If you thought the days of seeing empty stands at sporting events were in the rearview mirror, think again.
It was announced Thursday there will be no fans in attendance at the Summer Olympics, which are set to kick off in Tokyo later this month.
The announcement coincides with Tokyo issuing a new state of emergency due to a recent spike in COVID-19 cases. Tokyo reported 920 new infections on Wednesday alone, "the highest daily caseload since the middle of May," CNN reported.
Restrictions will go into place July 12 through Aug. 22, encompassing the entirety of the Olympic Games.
“The priority will be to determine safe and secure Games,” Tokyo 2020 president Seiko Hashimoto said at a news conference. "We wanted (to have a) full stadium so community people could get involved in welcoming the athletes so we could have a full presentation of the power of sports... However, now faced with COVID-19 we have no other choice but to hold the Games in a limited way.”
There has been plenty of scrutiny over the last few months with regard to the powers that be in Tokyo opening the city for the Olympics amid COVID concerns from the public. There was even a public disagreement between Prime Minister Yoshihide Suga and Emperor Naruhito regarding visiting athletes and fans coming into the country.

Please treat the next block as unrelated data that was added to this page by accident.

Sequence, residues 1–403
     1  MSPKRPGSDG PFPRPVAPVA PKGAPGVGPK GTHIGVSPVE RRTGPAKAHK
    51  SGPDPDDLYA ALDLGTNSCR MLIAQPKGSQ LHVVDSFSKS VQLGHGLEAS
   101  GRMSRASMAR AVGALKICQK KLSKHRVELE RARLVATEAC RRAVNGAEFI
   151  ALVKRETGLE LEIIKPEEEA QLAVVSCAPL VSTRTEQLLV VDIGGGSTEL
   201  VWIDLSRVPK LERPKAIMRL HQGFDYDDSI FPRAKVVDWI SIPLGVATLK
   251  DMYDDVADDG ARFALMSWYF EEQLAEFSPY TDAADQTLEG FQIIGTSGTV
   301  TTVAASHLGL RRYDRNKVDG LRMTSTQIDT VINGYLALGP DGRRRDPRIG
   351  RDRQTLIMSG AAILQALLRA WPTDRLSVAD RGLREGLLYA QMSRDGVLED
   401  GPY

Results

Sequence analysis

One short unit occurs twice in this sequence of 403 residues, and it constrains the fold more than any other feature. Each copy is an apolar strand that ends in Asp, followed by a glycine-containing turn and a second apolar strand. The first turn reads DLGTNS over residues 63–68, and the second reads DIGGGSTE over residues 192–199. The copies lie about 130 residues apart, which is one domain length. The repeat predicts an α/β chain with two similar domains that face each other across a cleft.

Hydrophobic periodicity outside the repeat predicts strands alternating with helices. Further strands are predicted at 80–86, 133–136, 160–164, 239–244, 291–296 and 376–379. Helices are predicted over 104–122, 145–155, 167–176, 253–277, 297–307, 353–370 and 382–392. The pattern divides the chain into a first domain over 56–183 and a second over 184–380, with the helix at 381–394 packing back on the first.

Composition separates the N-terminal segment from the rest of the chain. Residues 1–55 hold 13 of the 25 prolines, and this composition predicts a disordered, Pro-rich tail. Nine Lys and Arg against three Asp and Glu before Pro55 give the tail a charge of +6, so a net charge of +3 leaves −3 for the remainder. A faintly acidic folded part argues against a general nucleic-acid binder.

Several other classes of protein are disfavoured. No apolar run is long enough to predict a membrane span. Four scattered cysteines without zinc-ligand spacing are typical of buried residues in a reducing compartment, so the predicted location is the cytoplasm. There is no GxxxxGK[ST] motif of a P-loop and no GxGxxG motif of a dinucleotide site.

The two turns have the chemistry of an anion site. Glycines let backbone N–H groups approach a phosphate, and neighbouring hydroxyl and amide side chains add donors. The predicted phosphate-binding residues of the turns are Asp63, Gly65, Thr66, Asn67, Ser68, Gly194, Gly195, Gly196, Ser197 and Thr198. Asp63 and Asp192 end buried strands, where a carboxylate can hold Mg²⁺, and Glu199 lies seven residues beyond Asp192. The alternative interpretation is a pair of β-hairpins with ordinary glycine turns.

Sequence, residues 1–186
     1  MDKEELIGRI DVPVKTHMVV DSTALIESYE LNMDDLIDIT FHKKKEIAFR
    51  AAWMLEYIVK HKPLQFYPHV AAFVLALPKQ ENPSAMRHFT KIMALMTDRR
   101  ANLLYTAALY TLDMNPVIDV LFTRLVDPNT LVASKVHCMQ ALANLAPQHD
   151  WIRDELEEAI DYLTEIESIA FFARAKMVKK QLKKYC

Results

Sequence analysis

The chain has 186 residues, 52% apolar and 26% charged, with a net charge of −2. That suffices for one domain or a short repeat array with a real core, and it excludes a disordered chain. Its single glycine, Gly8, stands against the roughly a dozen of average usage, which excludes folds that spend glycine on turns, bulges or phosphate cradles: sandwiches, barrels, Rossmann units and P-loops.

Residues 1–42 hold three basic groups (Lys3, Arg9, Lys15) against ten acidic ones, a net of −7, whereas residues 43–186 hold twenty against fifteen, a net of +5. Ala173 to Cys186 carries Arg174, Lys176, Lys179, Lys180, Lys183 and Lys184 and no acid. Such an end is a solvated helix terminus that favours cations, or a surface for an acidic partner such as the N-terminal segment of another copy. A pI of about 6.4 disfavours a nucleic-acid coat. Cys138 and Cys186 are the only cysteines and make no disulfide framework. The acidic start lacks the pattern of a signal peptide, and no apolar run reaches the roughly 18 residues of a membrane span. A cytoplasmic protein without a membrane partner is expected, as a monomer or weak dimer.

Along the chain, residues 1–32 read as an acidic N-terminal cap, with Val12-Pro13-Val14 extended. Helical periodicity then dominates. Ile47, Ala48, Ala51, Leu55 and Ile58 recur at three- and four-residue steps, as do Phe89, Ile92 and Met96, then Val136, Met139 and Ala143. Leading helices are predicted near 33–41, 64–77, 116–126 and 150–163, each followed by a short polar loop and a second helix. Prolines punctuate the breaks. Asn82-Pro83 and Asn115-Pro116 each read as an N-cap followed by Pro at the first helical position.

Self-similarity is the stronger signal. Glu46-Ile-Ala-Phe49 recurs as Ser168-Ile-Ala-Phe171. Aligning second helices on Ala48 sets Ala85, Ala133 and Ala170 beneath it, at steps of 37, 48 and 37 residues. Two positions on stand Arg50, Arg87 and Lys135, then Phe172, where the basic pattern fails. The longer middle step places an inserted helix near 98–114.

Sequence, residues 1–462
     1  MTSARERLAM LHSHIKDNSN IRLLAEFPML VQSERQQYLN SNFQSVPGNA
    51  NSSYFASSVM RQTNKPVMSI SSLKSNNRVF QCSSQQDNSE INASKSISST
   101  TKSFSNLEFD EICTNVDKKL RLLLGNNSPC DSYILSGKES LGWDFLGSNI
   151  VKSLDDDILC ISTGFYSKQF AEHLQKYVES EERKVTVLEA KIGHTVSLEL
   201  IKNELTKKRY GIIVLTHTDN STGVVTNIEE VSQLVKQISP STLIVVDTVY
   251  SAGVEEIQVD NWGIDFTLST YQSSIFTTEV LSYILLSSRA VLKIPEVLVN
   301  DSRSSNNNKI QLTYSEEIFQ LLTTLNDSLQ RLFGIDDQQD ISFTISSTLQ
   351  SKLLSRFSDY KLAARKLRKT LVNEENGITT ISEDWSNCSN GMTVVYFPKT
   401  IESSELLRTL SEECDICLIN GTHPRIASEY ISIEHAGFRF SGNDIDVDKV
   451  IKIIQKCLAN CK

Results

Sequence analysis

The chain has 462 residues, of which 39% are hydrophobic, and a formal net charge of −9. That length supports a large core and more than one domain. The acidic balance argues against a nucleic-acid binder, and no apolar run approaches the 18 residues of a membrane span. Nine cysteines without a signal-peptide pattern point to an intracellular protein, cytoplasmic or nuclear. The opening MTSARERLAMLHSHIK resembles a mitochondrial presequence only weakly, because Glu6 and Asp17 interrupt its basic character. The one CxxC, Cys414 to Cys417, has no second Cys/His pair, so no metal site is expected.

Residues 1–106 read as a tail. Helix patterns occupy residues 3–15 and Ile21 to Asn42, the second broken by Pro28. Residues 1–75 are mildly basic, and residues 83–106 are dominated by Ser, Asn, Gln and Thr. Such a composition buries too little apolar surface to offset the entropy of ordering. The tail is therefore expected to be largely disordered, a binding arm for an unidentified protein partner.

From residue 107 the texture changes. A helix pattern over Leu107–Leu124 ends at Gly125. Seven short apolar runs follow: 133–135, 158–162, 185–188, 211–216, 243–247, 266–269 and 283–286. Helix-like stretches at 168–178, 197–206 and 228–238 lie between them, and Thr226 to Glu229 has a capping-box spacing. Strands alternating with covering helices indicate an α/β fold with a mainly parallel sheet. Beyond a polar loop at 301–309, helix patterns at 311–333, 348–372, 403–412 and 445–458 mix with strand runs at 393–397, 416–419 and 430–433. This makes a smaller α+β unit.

Suga originally dismissed concerns about the virus spreading in the wake of the Tokyo Games. With the current spike in COVID cases, however, he has changed his tune.
"The number of infected cases in the area including Tokyo has been increasing since the end of last month," Suga said. "The number of severe cases and bed occupancy rate continues to be on the low level, but considering the impact of variants, we need to enhance countermeasures so that the infection will not spread nationwide."
The Summer Olympics in Tokyo are set to start July 23.